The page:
Let’s take this in stages. First is the misconception that there is broad commonality to institutions of higher education in the United States. The truth is that American higher education from colonial times onward has drawn from multiple models, including the German research university model, the liberal arts model (preparing “well-rounded” citizens), and the (more modern) home-grown U.S. model of community colleges with open access to all, regardless of academic preparedness. Aside from those and other broad models there are a multiplicity of institutional missions serving different student populations. Some institutions are supported by (continually dwindling) public funds, some are private. Some are backed and shaped by religious organizations. Some cater to young students living on-campus, while others primarily serve commuting professionals or “non-traditional” students returning to school after a long absence. Some were designed to serve specific ethnic or cultural groups. Some institutions focus on teaching undergraduates while others are havens of research that improves medical, technological, and other advances. Some institutions prepare individuals for specific careers by teaching practical professional or vocational skills, while others focus on broad concepts like critical thinking. This great variety is a strength of American higher education, providing an education as rich and varied as the needs of our diverse population. With all of this diversity of mission and execution of education, why would we expect that all academic libraries would evolve into similar organizations?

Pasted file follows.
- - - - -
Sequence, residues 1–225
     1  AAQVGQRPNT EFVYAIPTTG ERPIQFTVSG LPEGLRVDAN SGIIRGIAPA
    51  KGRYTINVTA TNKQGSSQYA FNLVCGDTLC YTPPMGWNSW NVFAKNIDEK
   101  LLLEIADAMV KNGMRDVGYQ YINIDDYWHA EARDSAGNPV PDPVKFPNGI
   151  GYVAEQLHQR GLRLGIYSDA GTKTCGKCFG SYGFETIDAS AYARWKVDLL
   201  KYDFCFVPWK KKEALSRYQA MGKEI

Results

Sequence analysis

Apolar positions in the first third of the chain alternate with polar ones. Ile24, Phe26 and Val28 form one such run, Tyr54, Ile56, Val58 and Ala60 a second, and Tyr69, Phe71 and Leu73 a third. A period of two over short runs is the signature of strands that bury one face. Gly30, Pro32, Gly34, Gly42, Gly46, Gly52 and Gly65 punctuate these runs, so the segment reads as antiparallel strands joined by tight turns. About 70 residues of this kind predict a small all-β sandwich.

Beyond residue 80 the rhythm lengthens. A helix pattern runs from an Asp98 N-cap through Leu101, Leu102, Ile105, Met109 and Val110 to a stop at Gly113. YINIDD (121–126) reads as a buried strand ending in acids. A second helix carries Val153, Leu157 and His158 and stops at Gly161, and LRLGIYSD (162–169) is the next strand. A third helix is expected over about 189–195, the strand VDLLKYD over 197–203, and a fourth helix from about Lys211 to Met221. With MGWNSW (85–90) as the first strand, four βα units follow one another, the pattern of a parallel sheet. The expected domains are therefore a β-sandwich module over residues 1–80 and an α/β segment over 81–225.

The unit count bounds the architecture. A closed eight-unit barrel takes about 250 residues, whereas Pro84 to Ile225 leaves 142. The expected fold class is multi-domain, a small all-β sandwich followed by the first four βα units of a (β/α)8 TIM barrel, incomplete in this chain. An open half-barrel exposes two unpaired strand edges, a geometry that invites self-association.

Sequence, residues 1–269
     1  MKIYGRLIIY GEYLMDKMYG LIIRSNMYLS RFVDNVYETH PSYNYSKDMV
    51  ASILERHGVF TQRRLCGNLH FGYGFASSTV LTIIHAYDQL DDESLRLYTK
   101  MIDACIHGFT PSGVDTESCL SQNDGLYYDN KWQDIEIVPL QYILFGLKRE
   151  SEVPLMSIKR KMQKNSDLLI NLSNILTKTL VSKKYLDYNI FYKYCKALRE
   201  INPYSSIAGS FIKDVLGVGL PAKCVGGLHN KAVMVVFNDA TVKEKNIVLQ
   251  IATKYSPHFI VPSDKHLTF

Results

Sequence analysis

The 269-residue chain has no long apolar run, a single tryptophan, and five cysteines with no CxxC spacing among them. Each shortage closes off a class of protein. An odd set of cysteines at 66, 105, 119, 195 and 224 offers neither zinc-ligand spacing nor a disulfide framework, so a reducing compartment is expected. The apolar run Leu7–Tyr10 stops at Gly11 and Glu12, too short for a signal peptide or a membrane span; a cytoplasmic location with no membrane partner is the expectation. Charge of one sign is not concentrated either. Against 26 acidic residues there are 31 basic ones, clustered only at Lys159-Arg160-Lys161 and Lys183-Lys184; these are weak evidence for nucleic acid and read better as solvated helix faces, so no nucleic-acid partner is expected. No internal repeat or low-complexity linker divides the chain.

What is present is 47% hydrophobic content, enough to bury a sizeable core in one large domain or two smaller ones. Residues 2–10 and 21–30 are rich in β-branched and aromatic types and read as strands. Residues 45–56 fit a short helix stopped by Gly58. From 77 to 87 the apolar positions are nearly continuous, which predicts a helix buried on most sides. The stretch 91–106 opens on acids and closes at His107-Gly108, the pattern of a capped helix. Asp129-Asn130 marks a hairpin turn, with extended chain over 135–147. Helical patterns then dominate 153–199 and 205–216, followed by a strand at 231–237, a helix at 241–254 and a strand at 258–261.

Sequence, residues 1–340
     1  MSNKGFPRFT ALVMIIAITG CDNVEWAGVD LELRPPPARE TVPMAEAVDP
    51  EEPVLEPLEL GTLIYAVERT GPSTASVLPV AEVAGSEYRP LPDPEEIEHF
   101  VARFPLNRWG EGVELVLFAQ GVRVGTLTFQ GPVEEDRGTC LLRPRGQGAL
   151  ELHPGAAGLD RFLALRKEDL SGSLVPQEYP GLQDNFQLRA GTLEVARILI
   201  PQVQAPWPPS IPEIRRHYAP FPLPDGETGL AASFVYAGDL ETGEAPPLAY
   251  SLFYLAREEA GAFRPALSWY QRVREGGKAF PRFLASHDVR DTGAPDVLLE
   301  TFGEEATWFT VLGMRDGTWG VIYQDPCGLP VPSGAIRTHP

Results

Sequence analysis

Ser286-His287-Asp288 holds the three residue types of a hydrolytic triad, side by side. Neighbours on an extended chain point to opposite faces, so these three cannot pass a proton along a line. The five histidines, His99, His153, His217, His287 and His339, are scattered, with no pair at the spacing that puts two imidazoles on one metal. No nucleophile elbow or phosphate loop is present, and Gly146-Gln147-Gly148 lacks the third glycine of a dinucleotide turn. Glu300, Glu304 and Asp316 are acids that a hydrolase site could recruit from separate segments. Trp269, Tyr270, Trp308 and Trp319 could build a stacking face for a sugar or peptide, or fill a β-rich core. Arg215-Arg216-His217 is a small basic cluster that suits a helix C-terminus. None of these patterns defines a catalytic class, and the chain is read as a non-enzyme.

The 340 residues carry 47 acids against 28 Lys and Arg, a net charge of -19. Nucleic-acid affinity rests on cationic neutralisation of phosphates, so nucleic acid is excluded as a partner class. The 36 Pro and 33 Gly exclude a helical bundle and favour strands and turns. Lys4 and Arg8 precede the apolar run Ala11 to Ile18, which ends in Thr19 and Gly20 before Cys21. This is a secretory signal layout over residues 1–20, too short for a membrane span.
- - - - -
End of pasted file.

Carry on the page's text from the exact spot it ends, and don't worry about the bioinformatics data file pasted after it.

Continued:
Second, higher education is shifting in unpredictable ways. The digital revolution isn’t just affecting academic libraries, it’s affecting educational practice. Online education is exploding as institutions continue to migrate or replicate face-to-face courses in online sections and as a variety of organizations and individuals offer MOOCs. Even traditional face-to-face courses often have technological components such as class websites for resources or discussion and technology-dependent assignments. And higher education is changing rapidly beyond technological considerations. Public institutions are scrambling for ways to keep tuition affordable even as state support for education crumbles, leaving them a far cry from the truly public-funded model upon which they were founded. Institutions and their academic libraries seek to supplement deflated budgets by increasing efforts in fund-raising, grant-writing, and seeking alternate methods of gaining revenue. Students and the public are up in arms about increased tuition costs and unsustainable student debt, demanding change. Companies argue that higher education must adapt to meet community employment needs, spurring arguments about the nature and purpose of undergraduate education in the U.S. Institutions react to these situations in a variety of ways, thus it stands to reason that their supporting libraries will similarly shift in different ways.